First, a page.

Selective three-dimensional digital subtraction angiography (DSA) using the Alphenix (Canon, Tokyo, Japan) or Allura Xper FD 20/20 systems (Philips, Amsterdam, the Netherlands) was performed by radiologists ≤2 weeks before surgery to detect and evaluate the Adamkiewicz artery (arteria radicularis magna) and anterior spinal artery (ASA). DSA was selected rather than magnetic resonance angiography (MRA) because it can evaluate the ASA in relation to the ossified ligament and spinal cord movement in relation to arterial pulsations. DSA findings are shown in Fig. 1. The radiologists selectively catheterized as many intercostal or segmental arteries arising from the thoracoabdominal aorta as possible. If a radiculomedullary artery was detected, DSA was performed.
ASA continuity, Adamkiewicz artery location, and radiculomedullary arterial distribution were examined and recorded. If there was interruption of the ASA, the type (stenosis or occlusion) and spinal level of discontinuities were noted. After posterior decompression, intraoperative Doppler ultrasonography was performed to evaluate spinal cord status (floating from the OPLL or not) and ASA flow. The number of spinal levels from the Adamkiewicz artery to the most compressive OPLL lesion was counted and compared between patients with and without postoperative neurological deficit using the Student t-test. A p<0.05 was considered significant.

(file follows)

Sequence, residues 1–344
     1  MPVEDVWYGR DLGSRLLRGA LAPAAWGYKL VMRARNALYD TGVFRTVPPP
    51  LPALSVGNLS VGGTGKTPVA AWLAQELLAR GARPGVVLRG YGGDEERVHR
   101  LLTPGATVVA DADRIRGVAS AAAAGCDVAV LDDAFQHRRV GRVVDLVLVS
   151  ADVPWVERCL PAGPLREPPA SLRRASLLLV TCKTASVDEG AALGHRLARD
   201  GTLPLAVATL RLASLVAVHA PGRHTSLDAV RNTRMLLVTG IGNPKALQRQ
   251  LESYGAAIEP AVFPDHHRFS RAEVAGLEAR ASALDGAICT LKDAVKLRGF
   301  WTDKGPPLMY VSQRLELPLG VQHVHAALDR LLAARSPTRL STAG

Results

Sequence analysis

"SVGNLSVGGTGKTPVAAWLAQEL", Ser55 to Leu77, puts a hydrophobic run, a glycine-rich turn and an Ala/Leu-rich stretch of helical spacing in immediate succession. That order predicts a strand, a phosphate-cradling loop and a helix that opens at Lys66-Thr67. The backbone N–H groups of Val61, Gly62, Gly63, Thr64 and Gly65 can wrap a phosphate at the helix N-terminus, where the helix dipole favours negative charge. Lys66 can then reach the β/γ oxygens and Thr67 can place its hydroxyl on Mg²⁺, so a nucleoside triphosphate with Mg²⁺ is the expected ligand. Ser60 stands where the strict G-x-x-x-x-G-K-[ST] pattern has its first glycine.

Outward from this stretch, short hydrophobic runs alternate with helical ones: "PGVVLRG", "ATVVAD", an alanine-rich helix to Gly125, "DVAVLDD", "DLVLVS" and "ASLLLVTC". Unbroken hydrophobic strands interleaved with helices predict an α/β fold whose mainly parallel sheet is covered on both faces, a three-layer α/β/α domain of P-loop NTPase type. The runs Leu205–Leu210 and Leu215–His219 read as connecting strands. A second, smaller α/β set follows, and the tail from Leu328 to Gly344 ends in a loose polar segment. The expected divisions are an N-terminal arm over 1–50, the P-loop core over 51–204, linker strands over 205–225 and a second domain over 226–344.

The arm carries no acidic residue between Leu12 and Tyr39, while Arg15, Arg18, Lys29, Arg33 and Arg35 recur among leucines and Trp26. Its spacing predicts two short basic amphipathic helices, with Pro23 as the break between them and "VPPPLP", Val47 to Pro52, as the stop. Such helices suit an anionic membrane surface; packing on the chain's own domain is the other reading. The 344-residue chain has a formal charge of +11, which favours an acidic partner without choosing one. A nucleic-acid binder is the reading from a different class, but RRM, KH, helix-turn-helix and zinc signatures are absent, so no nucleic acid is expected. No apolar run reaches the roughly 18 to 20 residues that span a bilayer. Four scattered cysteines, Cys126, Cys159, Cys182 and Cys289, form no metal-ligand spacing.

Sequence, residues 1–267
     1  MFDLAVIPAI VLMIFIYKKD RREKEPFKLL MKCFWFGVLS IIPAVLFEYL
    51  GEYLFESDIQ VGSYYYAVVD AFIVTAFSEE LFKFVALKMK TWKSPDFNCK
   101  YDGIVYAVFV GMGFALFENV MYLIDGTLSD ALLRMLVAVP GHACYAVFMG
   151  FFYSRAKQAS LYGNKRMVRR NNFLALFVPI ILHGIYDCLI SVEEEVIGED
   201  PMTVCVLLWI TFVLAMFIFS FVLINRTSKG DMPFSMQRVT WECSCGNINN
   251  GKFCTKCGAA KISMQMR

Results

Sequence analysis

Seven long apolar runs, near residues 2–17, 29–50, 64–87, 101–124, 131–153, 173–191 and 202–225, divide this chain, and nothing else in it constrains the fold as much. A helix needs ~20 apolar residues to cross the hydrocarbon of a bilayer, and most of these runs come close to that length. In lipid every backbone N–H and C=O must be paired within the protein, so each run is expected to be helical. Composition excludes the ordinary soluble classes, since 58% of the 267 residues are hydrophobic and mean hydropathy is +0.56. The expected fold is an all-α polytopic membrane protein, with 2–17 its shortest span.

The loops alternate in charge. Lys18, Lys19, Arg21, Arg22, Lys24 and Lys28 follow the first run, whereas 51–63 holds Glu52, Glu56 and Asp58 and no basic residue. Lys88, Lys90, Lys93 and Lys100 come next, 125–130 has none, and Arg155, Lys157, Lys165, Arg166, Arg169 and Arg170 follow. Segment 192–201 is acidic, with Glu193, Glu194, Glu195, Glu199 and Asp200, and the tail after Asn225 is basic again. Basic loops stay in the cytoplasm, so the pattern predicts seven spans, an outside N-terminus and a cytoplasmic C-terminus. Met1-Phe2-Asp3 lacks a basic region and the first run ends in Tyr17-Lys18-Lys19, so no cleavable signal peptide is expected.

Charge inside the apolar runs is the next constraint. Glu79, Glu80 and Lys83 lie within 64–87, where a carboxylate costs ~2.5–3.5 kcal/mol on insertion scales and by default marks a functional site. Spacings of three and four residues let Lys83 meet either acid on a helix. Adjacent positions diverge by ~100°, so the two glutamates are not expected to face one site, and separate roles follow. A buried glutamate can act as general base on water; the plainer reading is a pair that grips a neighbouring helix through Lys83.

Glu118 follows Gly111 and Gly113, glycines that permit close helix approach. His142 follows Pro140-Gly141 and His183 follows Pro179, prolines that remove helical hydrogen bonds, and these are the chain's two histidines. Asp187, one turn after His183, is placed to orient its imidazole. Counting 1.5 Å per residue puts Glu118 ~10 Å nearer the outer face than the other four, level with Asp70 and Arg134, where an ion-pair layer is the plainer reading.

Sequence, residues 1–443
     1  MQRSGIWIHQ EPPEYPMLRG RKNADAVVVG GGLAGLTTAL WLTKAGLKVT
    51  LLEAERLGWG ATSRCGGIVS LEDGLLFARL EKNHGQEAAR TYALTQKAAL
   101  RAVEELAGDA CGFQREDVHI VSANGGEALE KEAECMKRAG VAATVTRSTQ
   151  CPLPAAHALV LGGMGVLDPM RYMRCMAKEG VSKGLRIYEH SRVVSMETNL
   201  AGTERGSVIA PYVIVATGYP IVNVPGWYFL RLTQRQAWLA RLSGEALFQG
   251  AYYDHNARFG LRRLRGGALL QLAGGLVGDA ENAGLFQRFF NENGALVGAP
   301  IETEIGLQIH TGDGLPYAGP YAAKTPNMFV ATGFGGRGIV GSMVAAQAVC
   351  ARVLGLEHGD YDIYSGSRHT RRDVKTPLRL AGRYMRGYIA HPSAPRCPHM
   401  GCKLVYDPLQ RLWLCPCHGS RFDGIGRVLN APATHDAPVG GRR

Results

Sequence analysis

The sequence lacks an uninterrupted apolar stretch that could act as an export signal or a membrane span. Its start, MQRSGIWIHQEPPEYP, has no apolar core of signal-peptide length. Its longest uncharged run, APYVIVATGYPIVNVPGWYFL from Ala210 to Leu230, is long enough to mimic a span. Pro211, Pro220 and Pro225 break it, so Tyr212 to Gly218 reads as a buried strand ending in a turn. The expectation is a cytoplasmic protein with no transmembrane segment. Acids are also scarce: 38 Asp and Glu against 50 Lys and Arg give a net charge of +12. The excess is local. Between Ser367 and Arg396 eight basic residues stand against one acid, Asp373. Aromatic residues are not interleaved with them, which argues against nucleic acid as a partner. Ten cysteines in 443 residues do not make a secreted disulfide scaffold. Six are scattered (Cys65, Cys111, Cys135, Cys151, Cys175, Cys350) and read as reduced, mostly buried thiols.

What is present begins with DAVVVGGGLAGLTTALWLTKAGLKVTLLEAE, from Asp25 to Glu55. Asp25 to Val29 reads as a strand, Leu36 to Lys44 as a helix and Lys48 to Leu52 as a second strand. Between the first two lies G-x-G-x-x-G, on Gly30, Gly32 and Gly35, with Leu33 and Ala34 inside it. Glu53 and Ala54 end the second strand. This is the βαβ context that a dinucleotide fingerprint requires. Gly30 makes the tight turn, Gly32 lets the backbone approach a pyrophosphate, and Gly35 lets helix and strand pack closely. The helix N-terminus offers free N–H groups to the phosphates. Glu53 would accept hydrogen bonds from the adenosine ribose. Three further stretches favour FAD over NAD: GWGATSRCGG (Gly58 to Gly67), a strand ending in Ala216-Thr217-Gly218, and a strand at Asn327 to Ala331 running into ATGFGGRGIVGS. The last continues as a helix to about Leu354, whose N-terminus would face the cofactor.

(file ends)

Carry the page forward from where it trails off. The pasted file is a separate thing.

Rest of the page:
1. Patient characteristics and operative details

A total of nine patients (three males and six females; mean age, 53.3 years; range, 35–68 years) were included in this study. Mean body mass index was 28.5 kg/m2. Mean follow-up was 2.2 years. All patients had symptoms and signs of myelopathy in the lower extremities. Mean operative time and estimated blood loss were 259 minutes and 622.8 mL, respectively.

2. Neurological status and motor-evoked potential monitoring